A Moral Dilemma

Some companies that have left Russia have simply released their employees. Others continue paying them. Is this a moral issue and is there political benefit in not paying them? Similarly a discussion has ensued since Big Pharma has been largely carved out from the sanctions regime as they continue doing business in Russia. The moral argument is that people with various illnesses need drugs to survive. However, in both examples the allegedly moral argument fails to consider numerous other moral underpinnings. The issue then becomes moral equivalence.

Civilians and even children are being murdered indiscriminately in Ukraine. Numerous attempts at establishing previously agreed to human corridors have been violated by the Russians. This war has become a glaring showcase for war crimes. The West has been supportive short of becoming involved in preventing the carnage. Additionally, no one has come close to suggesting what has been termed an off ramp for Vladimir Putin.

The following is indisputable: Vladimir Putin is a war criminal (in addition to being simply a criminal in the past, and yet enjoying Western collegiality), a terrorist and the one person in control in Russia and responsible for everything. Russia is a rogue state by any standard. The Russian people are not simply misinformed victims or unwitting accomplices. Putin has ruled for more than twenty years. His rating accurate or not hovers in the 70%. We often hear that the Russian population is a victim as well. That is what the United States Department of State argued erroneously throughout the existence of the USSR, that the Russians were a captive nation. There are think tanks in the United States even today that argue in favor of the Russian people as victims.

Frankly, I would argue that the Russian mindset and culture are an acquired characteristic, one based on longing for empire. The Russian soul is that of Dostoevsky’s Roskolnikov with no remorse. Many Russian human rights activities such as the preeminent Solzhenitsyn were chauvinist. Apologists argue that he was a great writer, but so what. Sakharov was not a chauvinist, but there was a non-Russian ethnic element in Sakharov. Besides, there are exceptions. Sakharov and his wife were outliers. Many Russians in Ukraine today are on the side of Ukraine because they wish to live in a democracy.

Russians are not born oppressors but very often they are reared both at home and sociologically to become imperialists and chauvinists. It is simply a part of Russian history and culture. Mass murderers are revered as being great leaders.

The discussion today centers upon the war and the way to end it. Even the average American in Nebraska has to be concerned and not simply because of sympathy for Ukrainians. Europeans are genuinely scared. Germany is contributing to NATO at its peril. Still, I have yet to hear a pathway for peace from a Western analyst. Even a Putin victory over Ukraine would not mark an end to hostilities. Ukrainian resistance would continue. Putin perhaps emboldened by victory would look towards other parts of Europe.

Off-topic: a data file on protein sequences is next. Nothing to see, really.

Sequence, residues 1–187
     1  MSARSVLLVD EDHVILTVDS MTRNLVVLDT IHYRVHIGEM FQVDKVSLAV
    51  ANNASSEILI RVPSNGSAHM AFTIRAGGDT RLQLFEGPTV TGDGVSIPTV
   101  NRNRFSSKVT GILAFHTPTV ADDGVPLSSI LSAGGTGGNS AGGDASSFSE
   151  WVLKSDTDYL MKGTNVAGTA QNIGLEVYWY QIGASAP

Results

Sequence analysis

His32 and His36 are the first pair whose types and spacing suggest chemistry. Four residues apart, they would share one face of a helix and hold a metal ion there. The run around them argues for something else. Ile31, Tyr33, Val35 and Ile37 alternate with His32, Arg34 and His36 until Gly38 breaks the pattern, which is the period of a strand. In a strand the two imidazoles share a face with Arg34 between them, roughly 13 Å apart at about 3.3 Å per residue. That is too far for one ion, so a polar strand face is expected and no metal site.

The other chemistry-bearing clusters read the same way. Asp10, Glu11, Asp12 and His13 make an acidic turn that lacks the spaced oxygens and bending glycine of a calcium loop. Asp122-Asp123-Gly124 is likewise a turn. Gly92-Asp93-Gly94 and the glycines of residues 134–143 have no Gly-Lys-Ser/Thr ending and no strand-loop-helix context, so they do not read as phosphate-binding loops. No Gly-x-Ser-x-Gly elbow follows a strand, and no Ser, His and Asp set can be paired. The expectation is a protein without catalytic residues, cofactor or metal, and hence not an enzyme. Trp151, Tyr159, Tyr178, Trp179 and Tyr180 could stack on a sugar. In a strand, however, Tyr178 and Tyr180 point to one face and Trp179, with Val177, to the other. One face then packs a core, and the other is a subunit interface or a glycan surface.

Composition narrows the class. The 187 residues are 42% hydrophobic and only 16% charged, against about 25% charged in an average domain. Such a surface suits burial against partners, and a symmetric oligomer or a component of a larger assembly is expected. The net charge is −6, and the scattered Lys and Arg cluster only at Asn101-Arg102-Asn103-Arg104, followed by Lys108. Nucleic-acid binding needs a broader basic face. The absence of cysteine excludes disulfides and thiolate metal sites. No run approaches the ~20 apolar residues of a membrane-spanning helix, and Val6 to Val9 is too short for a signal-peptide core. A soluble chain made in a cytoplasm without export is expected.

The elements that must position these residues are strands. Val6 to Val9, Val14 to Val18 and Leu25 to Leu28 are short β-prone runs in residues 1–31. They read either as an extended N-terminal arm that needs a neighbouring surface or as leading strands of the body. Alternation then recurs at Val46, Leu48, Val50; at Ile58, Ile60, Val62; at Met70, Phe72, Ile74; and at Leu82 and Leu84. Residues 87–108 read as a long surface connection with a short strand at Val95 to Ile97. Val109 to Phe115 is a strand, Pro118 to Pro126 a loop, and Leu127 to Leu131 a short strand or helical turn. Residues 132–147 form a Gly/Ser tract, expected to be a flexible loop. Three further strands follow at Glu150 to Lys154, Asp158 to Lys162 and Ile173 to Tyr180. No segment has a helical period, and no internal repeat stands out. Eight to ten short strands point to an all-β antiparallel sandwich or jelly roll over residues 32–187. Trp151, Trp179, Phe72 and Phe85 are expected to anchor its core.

Putin’s psychosis is predicated on a legacy, that of yet another great Russian czar. Most czars of Russia were evil. Putin does not have moral dilemmas. He also doesn’t care for human life.

There are two pathways. One is a victory for Ukraine. In all likelihood that would require more than the West is doing today. It certainly would require Ukrainian Migs, Patriots and other weapons so far missing. The other pathway is turmoil in Russia. With the current sanctions, mass unemployment, lack of western drugs even the Russian people may arise.

I recently spoke with Professor Jeffrey Sonnenfeld from Yale. He has and continues to compile a list of American companies who did or are continuing to do business in Russia. He concurs that companies leaving Russia should not continue paying their employees. He also feels that America’s Big Pharma should not be carved out from the sanctions’ list. He sees Russian popular revolt against the Putin regime as a very viable pathway to ending the suffering of Ukrainians.

The moral dilemma boils down to allowing the slaughter of innocent children by continuing to pay the salaries of Russians for no work and providing drugs to Russians who are ill, all of whom are willing to stand by and watch the indiscriminate carnage in Ukraine.

Anyone who believes that average Russians are not aware of what is happening in Ukraine and who is carrying out the war crimes is delusional. Russia has been banned from sporting events. Even that should raise an eyebrow or two with the Russian populace about Russian malfeasance. St. Petersburg has been removed as a venue for the European football club championship. Even sports fans know that Putin is pure evil.

There are Russian protests, and there are severe laws against them with heavy penalties, and so it appears that the opposition is deterred. Russian protest has to be raised to a level of a revolution against the criminality of Russia’s latest czar because popular life in Russia has to become unbearable. We need to spur on that revolution.

March 12, 2022 Askold S. Lozynskyj